14. The apparatus of claim 13, wherein the change in the retransmission packet data includes an amount and position of a resource used for a data channel.
15. The apparatus of claim 13, wherein the change in the retransmission packet data includes a Modulation and Coding Scheme (MCS) level used for a data channel.
16. The apparatus of claim 13, wherein the scheduler is configured to determine a HARQ scheme at every initial transmission.
17. A method for receiving packet data using a Hybrid Automatic Repeat Request (HARQ) scheme in a receiver of a wireless communication system that transmits packet data using one of a Synchronous HARQ (SHARQ) scheme and an Asynchronous HARQ (AHARQ) scheme, the method comprising:
receiving a control channel and a data channel, and determining a HARQ scheme from among a SHARQ scheme and a AHARQ scheme using information included in the control channel, wherein the HARQ scheme determination comprises determining a HARQ scheme based on at least one of a type of service of transmission packet data, a size of the transmission packet data, a class of a mobile station receiving the packet data, and a load of a current network;
performing demodulation and decoding on the data channel according to the determined HARQ scheme, and transmitting the demodulation and decoding result through a response channel; and
when a retransmission packet is received through the data channel, receiving the retransmission data according to the determined HARQ scheme and transmitting the reception result through a response channel.
18. The method of claim 17, wherein when the control channel is received during retransmission, packet data undergoes reception, demodulation and decoding based on information in the received control channel.
19. An apparatus for receiving packet data using a Hybrid Automatic Repeat Request (HARQ) scheme in a receiver of a wireless communication system that transmits packet data using one of a Synchronous HARQ (SHARQ) scheme and an Asynchronous HARQ (AHARQ) scheme, the apparatus comprising:
a control channel receiver for receiving and demodulating a control channel;
a data channel receiver for receiving a data channel, and demodulating and decoding the received data channel;
a response channel transmitter for transmitting the demodulation and decoding result on the data channel;
a memory for receiving and storing control information; and
a controller for, determining one HARQ scheme from among the SHARQ scheme and the AHARQ scheme using information included in the control channel, wherein the HARQ scheme determination comprises determining a HARQ scheme based on at least one of a type of service of transmission packet data, a size of the transmission packet data, a class of a mobile station receiving the packet data, and a load of a current network,
controlling reception, demodulation and decoding of the data channel receiver according to the determined HARQ scheme,
controlling transmission of the demodulation and decoding result to the response channel transmitter, and when a retransmission packet is received with the SHARQ scheme,
controlling demodulation and decoding of the received packet using information stored in the memory, and when a retransmission packet is received with the AHARQ scheme,
controlling demodulation and decoding of a packet received at the data channel receiver using control information received at the control channel receiver.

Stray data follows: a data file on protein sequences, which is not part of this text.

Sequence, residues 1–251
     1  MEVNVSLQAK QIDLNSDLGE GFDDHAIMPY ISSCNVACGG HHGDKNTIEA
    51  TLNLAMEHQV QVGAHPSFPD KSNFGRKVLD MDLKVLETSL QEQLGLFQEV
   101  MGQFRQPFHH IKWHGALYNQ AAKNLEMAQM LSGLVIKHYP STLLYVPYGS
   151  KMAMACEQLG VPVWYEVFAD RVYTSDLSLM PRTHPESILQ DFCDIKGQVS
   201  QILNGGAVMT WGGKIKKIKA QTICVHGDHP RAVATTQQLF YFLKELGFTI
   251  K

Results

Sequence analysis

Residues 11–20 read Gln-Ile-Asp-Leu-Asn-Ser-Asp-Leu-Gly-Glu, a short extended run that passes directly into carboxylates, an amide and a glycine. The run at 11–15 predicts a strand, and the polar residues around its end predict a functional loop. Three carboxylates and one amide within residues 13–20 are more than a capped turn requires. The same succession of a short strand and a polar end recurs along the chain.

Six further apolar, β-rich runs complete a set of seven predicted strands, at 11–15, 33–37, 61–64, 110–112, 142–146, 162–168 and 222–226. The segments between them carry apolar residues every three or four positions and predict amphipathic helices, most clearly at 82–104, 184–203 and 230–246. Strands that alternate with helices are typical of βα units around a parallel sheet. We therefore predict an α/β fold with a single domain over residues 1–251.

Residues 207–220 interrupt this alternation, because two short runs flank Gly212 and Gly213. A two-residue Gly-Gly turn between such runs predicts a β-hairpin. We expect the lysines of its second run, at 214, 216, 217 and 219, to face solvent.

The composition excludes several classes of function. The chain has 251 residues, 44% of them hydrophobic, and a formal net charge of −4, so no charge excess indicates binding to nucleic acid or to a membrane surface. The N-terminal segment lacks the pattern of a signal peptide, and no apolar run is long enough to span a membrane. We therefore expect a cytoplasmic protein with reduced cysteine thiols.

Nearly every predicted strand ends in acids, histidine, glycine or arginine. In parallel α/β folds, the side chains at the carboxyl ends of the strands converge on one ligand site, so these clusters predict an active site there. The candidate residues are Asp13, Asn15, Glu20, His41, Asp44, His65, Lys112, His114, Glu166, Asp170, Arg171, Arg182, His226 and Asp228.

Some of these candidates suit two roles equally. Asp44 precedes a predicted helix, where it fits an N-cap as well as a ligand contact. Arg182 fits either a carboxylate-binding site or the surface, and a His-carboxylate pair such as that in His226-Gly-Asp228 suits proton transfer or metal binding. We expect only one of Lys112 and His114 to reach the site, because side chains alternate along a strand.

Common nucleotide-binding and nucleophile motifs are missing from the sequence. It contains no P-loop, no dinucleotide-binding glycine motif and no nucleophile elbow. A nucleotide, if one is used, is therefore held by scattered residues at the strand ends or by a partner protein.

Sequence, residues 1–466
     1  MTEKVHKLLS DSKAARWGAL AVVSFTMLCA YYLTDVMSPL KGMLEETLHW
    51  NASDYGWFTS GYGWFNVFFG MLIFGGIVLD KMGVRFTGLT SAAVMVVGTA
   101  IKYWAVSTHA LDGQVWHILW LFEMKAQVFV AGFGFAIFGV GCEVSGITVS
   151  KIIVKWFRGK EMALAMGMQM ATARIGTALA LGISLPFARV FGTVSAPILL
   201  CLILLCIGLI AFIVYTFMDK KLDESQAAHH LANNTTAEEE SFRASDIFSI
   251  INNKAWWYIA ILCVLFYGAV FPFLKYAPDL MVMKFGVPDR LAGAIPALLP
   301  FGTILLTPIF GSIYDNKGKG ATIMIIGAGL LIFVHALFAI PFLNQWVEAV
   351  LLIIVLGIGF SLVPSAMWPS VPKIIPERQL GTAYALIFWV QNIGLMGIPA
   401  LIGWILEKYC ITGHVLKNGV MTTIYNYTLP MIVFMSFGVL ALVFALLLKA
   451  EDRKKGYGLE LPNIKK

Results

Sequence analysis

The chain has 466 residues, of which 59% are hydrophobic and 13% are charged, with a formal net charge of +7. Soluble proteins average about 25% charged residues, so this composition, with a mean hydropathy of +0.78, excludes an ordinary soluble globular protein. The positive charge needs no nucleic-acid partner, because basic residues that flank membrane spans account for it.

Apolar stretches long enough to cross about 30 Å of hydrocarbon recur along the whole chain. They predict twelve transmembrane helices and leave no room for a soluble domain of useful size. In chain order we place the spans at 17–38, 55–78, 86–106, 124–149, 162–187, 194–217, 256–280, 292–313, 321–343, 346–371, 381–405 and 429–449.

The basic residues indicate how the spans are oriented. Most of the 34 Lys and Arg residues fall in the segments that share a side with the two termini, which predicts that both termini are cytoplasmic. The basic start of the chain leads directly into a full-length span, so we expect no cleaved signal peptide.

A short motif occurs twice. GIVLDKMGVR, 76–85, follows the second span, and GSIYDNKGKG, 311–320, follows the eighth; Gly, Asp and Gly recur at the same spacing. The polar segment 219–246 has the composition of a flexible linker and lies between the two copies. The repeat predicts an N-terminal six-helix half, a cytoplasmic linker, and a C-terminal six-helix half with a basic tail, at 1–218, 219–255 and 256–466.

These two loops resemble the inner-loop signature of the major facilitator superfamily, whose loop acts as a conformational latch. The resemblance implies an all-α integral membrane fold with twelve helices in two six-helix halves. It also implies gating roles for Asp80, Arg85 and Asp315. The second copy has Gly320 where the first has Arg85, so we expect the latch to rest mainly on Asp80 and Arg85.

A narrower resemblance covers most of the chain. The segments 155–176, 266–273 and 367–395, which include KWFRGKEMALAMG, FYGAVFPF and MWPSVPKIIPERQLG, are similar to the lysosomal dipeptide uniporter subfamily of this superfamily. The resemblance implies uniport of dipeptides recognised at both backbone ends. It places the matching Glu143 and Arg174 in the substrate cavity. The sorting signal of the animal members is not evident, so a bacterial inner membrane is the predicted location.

20. The apparatus of claim 19, wherein when control information is received at the control channel receiver during retransmission, the controller is configured to store the received control information in the memory, and control the data channel receiver using the received control information so as to perform reception, demodulation and decoding of the packet data.
Description
CROSS-REFERENCE TO RELATED APPLICATIONS

This application claims the benefit under 35 U.S.C. §119(a) of Korean Patent Application No. 10-2005-0099930, entitled “Apparatus and Method for Transmitting and Receiving Packet Data Using HARQ in a Mobile Communication System”, filed Oct. 21, 2005 in the Korean Intellectual Property Office, the entire disclosure of which is hereby incorporated by reference.

BACKGROUND OF THE INVENTION

1. Field of the Invention

The present invention relates generally to an apparatus and method for transmitting and receiving packet data using Hybrid Automatic Repeat Request (HARQ). In particular, the present invention relates to an apparatus and method for transmitting and receiving packet data using HARQ in a mobile communication system.

2. Description of the Related Art

Presently, HARQ is one of the most important technologies used for increasing data transmission reliability and data throughput in packet-based mobile communication systems. Specifically, HARQ refers to a combined technology of Automatic Repeat Request (ARQ) and Forward Error Correction (FEC). Automatic Repeat Request (ARQ) is a technology that is widely used in wired/wireless data communication systems, and a brief description thereof will now be made herein below.

A transmitter of a system using ARQ assigns a sequence number to a transmission data packet according to a predetermined rule. A data receiver of the system using ARQ can detect a missing packet (or a reception-failed packet) among the received packets using the sequence number. Accordingly, a packet corresponding to a missing sequence number among the transmitted sequence numbers is the missing packet that the data receiver has failed to receive. In this case, the data receiver sends a request for retransmission of the reception-failed packet with the missing sequence number to the transmitter. In this way, the system using ARQ achieves reliable data transmission.